What if civilization is collapsing? What should we do? The science is quite solid on climate change, and we’ve been warned for decades, but for decades we’ve done nothing significant. A fair number of folks are buying rural plots of land and AR15s but that hardly seems to be a practical solution for everyone.

My guess is most people are ignoring all the gloom and doom, or else going crazy in their own quiet squirrely way. I don’t think there is much we can do. The reason why many analyzed trends lead to possible apocalypses is that the natural thing for everyone to do is to keep doing what we’re always been doing. Humans aren’t big on intentionally making drastic changes to their lives.

If we’re not going to do anything to avert the forecasted catastrophes, then what are we going to do instead? Anxiety and depression are so self-destructive. It’s much too early to panic. We could party like it’s 1999, but the end isn’t that close yet. Enduring resignation will probably be a common plan, but that’s emotionally draining. Taking up Zen Buddhism or meditation might be useful. Enjoying the simple pleasures of life has always been an excellent choice. Ditto for pursuing creative hobbies.

Developing a positive perspective should be helpful. Civilizations always collapse, but often over decades or centuries. There will be a rush to hoard or consume everything left. The well-to-do will grab what they want, which is always more than they need. The practical will learn to live with less without agonizing over what they no longer have. For most citizens the collapse of civilization will be in such slow motion they will hardly notice it. It’s only the unfortunate who become refugees from random catastrophes that will feel the harshest impacts. So knowing how to relocate will be a valuable skill. There are certain preparedness precautions to take, but since nothing is certain, it’s not practical to go overboard with such measures.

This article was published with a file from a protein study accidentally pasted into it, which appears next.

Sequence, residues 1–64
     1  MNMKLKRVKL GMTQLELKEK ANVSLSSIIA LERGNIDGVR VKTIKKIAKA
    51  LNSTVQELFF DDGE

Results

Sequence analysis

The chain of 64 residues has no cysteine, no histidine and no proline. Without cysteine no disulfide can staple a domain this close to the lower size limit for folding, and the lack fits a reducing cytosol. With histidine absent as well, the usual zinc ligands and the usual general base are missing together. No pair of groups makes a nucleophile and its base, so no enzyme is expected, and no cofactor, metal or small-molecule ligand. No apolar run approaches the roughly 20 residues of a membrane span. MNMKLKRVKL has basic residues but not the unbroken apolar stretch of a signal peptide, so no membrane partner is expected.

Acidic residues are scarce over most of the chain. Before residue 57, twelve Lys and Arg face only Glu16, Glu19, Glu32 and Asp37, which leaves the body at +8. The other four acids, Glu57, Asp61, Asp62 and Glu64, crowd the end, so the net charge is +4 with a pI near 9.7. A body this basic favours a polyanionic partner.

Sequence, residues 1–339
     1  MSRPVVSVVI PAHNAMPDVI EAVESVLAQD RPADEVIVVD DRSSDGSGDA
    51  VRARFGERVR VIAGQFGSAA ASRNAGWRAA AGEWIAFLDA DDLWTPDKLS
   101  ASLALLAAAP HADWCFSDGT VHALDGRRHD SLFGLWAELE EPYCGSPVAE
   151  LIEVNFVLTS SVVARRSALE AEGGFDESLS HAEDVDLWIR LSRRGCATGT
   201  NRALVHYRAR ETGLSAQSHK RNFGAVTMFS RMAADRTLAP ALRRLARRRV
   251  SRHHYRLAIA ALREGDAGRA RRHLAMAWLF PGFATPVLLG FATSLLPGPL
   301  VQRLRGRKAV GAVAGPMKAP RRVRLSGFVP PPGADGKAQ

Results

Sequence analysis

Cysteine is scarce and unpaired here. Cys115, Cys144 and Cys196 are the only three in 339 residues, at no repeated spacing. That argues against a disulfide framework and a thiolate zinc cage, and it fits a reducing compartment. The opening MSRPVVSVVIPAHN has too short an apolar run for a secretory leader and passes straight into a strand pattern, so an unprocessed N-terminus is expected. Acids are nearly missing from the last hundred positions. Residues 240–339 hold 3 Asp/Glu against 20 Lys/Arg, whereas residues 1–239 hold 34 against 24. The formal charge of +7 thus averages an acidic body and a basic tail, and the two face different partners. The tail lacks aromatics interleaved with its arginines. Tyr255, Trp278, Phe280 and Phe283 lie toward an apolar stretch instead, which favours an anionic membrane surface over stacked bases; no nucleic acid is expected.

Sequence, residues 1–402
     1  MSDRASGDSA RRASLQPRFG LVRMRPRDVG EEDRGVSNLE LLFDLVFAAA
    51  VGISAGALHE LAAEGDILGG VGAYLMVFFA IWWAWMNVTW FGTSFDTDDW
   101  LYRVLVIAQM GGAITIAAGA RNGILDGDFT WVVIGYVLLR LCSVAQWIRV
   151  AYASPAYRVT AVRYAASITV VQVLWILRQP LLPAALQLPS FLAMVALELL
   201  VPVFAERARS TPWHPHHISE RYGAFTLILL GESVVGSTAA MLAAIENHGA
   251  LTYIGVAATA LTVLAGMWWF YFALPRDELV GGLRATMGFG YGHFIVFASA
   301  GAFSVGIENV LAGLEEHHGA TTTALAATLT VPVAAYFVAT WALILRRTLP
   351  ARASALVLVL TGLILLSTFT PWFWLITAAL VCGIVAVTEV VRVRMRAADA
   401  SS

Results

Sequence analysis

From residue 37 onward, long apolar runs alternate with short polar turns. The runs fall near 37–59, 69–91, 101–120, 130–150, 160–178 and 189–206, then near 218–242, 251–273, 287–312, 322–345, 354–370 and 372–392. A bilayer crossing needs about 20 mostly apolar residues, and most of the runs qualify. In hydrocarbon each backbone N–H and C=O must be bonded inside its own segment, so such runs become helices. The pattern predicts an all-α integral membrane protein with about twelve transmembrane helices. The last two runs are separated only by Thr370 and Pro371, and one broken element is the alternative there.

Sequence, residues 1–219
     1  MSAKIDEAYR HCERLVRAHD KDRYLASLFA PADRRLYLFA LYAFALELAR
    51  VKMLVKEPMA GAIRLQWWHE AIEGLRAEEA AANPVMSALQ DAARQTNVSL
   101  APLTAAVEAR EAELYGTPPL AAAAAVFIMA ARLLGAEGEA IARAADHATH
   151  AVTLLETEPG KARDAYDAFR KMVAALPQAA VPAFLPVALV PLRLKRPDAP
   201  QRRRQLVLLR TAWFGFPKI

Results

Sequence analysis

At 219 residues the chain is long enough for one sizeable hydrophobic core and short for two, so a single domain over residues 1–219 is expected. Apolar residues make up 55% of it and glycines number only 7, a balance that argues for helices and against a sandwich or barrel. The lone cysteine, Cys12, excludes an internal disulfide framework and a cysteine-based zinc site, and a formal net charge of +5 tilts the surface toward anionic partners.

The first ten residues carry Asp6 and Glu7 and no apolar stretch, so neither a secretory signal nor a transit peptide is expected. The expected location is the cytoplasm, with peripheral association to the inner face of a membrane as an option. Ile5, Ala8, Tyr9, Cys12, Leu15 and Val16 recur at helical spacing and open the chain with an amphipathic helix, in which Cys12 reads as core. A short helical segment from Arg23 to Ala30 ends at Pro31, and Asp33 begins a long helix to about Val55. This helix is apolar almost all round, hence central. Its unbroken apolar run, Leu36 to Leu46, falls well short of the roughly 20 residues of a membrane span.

Probably most useful is the ability for understanding the true reality of things. Don’t get caught up in delusions, fears, panics, but also avoid over-optimism and Pollyanish thinking.

I bring all this up because of some videos I’ve been watching. I have no idea how valid they are, but I consider the increase of such thinking as a kind of pulse-taking. What do you think of these videos? These three accept doom but try to find a positive perspective with dealing with such doom. They offer wisdom.

If you are a routine YouTube watcher and are signed in, watching these three videos will cause YouTube to offer you more of the same. There are quite a lot of these videos, so be careful. Don’t get overwhelmed.

JWH

On the First Day of My Seventies

by James Wallace Harris, 11/25/21

When I left the work world back in 2013 I thought I’d apply myself toward writing science fiction short stories in my retirement years. For some reason, I’ve hit a barrier that hasn’t allowed me to do that. Very few people succeed at new creative pursuits in old age. I still hope to beat that statistic.

I’ve decided to attack the problem with a different approach. For my seventies, my goal is to write a nonfiction book. This is kind of an absurd goal since I’m starting to have trouble cranking out blog posts. But I have an idea — aim low, but be persistent. I seriously doubt I can produce a commercially successful work of nonfiction, so my ambition is to write a book I wouldn’t be embarrassed to self-publish on Amazon.